In a recent decision, In Re OPENLANE, Inc.1, the Delaware Court of Chancery reiterated the permissibility of a "sign and consent" structure for obtaining shareholder approval of a merger. In its decision, the Court denied a motion by certain shareholders of OPENLANE seeking to enjoin its acquisition pursuant to a merger agreement utilizing this structure.
The "sign and consent" structure gained popularity following the Delaware Supreme Court's controversial Omnicare2 decision in 2003. In Omnicare, the Delaware Supreme Court ruled that it was a violation of a target company board's fiduciary duties to approve a merger agreement that effectively "locked up" a transaction prior to approval by the company's shareholders. Specifically, the Court objected to the three-pronged approach in the Omnicare transaction in which:
- the merger agreement provided that the target company was required to hold a shareholders' meeting to consider the transaction regardless of whether the target board changed its recommendation in favor of the transaction, commonly referred to as a "force the vote" provision;
- the merger agreement did not provide the target board with a fiduciary termination right that would allow the board to terminate the existing agreement to accept a superior proposal during the period prior to the target shareholders' approval of the transaction; and
- two shareholders of the target company holding a majority of the voting power entered into voting agreements with the acquirer pursuant to which they irrevocably agreed to vote in favor of the merger at the shareholders' meeting (which agreements did not terminate upon a change in recommendation by the target board).
The Court concluded that such a structure constituted a coercive and preclusive defensive device which rendered the merger a "fait accompli."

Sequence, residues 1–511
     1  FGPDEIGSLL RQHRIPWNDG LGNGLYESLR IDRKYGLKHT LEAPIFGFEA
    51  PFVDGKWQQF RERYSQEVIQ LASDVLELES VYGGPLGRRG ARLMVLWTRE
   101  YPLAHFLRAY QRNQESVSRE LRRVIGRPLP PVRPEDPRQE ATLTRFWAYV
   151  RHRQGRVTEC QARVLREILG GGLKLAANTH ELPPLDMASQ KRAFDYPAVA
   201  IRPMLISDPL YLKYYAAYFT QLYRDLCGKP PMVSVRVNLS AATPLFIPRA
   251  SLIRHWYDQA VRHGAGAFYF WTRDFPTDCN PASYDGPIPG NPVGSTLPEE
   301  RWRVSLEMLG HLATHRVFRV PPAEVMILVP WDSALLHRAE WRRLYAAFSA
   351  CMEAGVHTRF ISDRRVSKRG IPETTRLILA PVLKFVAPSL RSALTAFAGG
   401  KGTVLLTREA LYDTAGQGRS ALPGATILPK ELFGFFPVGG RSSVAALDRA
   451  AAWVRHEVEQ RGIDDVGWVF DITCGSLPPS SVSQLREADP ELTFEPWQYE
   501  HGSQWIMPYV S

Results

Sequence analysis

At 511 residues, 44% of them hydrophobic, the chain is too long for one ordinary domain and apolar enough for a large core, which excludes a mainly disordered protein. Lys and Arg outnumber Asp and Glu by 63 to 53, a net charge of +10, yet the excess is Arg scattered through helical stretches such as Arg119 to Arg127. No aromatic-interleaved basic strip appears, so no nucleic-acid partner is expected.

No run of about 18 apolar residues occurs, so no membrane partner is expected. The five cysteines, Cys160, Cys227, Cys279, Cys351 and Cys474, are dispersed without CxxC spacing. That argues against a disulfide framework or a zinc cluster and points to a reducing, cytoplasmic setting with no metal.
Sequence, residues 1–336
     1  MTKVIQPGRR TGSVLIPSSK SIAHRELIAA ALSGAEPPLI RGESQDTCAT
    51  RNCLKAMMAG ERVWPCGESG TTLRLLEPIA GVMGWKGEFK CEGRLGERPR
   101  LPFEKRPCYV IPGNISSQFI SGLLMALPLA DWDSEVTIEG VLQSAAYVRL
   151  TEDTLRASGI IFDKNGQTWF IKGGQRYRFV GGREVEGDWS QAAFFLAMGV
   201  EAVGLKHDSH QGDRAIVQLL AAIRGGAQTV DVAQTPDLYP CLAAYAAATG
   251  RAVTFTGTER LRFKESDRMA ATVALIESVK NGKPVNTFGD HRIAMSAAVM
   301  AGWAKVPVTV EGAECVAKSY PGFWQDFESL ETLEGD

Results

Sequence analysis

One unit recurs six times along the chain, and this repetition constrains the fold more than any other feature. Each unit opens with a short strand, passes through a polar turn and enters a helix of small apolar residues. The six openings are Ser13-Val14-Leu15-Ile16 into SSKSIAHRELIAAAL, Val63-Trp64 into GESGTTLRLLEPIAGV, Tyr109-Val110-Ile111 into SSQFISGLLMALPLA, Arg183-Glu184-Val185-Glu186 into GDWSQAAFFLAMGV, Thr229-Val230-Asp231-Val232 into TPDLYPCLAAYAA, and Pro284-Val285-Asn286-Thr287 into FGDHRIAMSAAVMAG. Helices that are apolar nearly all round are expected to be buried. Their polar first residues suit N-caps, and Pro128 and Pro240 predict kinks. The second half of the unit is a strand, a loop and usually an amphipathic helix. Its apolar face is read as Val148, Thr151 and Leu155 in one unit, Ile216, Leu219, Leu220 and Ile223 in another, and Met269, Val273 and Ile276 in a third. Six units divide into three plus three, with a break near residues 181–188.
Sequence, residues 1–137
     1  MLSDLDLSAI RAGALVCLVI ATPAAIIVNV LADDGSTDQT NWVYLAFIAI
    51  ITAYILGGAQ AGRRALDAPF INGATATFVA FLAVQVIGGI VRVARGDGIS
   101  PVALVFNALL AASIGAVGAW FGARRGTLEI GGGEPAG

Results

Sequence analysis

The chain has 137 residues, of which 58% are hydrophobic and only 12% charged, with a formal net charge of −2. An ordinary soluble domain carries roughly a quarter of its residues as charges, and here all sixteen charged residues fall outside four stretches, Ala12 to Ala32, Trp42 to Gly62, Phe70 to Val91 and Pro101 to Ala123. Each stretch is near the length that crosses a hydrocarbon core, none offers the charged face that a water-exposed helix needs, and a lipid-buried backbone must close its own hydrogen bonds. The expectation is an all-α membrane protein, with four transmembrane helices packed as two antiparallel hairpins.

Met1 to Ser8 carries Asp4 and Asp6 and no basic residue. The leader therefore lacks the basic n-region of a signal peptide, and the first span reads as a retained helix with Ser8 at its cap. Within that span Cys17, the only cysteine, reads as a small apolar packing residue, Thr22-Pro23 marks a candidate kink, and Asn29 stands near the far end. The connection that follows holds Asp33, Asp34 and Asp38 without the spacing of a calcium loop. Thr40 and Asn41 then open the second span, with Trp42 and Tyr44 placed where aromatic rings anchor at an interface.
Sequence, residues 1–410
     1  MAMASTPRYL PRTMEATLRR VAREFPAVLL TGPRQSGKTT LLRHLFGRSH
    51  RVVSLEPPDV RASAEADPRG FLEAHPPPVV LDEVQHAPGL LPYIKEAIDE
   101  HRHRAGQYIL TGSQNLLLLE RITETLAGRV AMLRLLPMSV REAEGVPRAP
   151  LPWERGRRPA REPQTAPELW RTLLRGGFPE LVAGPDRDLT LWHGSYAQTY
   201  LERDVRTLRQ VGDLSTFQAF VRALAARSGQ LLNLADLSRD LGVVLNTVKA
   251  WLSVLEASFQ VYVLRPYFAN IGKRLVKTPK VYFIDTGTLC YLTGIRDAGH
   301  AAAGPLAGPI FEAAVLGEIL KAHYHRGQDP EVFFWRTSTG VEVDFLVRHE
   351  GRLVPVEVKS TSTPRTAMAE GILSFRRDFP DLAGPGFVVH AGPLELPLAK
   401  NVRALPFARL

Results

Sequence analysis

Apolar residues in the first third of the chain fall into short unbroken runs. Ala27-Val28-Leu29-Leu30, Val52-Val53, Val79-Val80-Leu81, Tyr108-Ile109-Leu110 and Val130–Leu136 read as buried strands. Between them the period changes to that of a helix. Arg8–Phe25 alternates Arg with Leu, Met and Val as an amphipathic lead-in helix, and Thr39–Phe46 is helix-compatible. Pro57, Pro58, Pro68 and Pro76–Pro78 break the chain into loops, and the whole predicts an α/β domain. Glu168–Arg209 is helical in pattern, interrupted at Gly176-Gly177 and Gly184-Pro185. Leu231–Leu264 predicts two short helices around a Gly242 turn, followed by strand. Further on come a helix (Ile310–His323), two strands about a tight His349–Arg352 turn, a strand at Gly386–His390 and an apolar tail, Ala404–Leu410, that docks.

In response, in those situations in which voting control of the target is held by a controlling shareholder or a small group of shareholders, the "sign and consent" structure evolved as a means to obtain, or come close to, the deal certainty that was believed to be available prior to Omnicare.
In such a structure, the merger agreement contemplates that the controlling shareholders will deliver written consents promptly after the merger agreement is executed and that the acquirer will have the right to terminate the agreement if such consents are not delivered (often providing for a very limited time period of 24 to 48 hours for such delivery). Depending on the circumstances and the concerns of the acquirer and target, the structure may also include a variety of other termination rights and termination fees – as well as the opportunity for creative use of a combination of some, but not all, of the protective provisions found in the Omnicare transaction.
In OPENLANE, Vice Chancellor Noble upheld a "sign and consent" structure in which the merger agreement provided that the board of either the acquirer or the target could terminate the merger agreement if shareholder consents approving the transaction were not delivered within 24 hours following the execution of the agreement. Plaintiffs alleged that this structure was coercive and preclusive given that members of the board (or institutions that such members represented) and executive officers controlled over 60% of the shareholder vote.
Vice Chancellor Noble disagreed with the plaintiffs and held that this structure, unlike the agreement in Omnicare, did not render the merger a fait accompli. He noted that the controlling shareholders had not entered into voting agreements but had instead "quickly provided consents." Thus, shareholder approval was not a certainty. Moreover, while the merger agreement included a non-solicitation clause, he also noted that the target's board could terminate the agreement if shareholder consents were not obtained within the twenty-four-hour period. (In this instance, the target's termination right was not coupled with the obligation to pay any termination fee.) As a result, the merger agreement "neither forced a transaction on the shareholders, nor deprived them of the right to receive alternative offers."
The OPENLANE decision reiterates the view, expressed by Vice Chancellor Lamb in 2008 in Optima Int'l of Miami Inc. v. WCI Steel, Inc.3, that the Delaware General Corporation Law does not require any particular length of time between the execution of a merger agreement and the delivery of shareholder written consents approving the transaction. As such, the ruling supports the practice of structuring merger agreements to contemplate the delivery of target shareholder written consents approving the transaction, and thus "locking up" the transaction, within a very short period of time after execution of the merger agreement.